As expected, during activity A5, the tablet immediately captures the attention of all participants, who try to touch it. We note, however, that the shift of attention is not total, as children continue to look at +me when the rewarding outcome is produced (see Figure 4).
Figure 4. In activity A5, although the tablet is an attention-capturing stimulus, the participants do not completely ignore +me and continue to look at it when producing a rewarding outcome.
Finally, activity A6 aimed to evaluate the wearability of +me : as expected, children from all groups tend to remove it from their neck, but some of them try to sporadically wear it again, confirming that the panda shape can encourage this behavior. This feature was designed for older children and relies on the observation that tight clothing can often exert a reassuring effect on ASDs (Mullen et al., 2008; Stephenson and Carter, 2009).
We are aware that the aforementioned observations have to be considered as preliminary results, though they seem to encourage the use of +me as a tool to support social play. For a better understanding of the interactions between child and caregiver mediated by the toy, it is our opinion that the temporal sequences of behaviors (e.g., looking at the pattern of the child's gaze during the caregiver's requests) are a very important point to be analyzed in future experiments.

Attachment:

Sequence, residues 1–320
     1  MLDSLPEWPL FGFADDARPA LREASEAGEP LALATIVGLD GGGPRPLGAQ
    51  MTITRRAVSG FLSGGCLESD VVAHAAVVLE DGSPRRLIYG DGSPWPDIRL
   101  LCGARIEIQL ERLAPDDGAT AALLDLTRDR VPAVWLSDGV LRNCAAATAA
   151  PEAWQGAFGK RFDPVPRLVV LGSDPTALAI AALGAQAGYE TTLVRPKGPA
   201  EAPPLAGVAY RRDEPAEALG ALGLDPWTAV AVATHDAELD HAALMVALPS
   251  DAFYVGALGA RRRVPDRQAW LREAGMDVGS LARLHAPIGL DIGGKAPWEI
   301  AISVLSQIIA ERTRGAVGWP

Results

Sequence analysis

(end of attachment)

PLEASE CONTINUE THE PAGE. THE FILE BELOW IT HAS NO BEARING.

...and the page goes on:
ASD is a neurodevelopmental disorder imposing significant social and financial burdens (Lyall et al., 2017). Rehabilitative treatments within early childhood have proved to be effective in ameliorating the severity of the condition through the reinforcement of social competencies (Volkmar et al., 2014). Nevertheless, such interventions can be, by definition, complex: ASD children often present a lack of interest toward other people and experience difficulties with responding to social interactions and with engaging in meaningful play activities (Godin et al., 2019). Thus, any supporting tool possibly useful to stimulate and increase social engagement of such patients is worth investigating.
+me is an interactive toy designed for this purpose (Özcan et al., 2016). The toy aims to increase the attractiveness of shared play, an arguably important goal for ASD interventions (see the “Playfulness” concept in Godin et al., 2019). In this pilot study, two small groups of children with ASD and CD were observed during short play activities involving the device and an adult caregiver. The experimental protocol, used in a previous pilot on TD children (Sperati et al., 2019), aimed to evaluate the general acceptability of +me as a toy able to arouse curiosity, encourage interaction, and elicit simple social behaviors. Our observations suggest positive responsiveness by ASDs and CDs toward +me and the caregiver in terms of attention and engagement (with ASDs showing less emotional involvement), even if less intense when compared to TDs.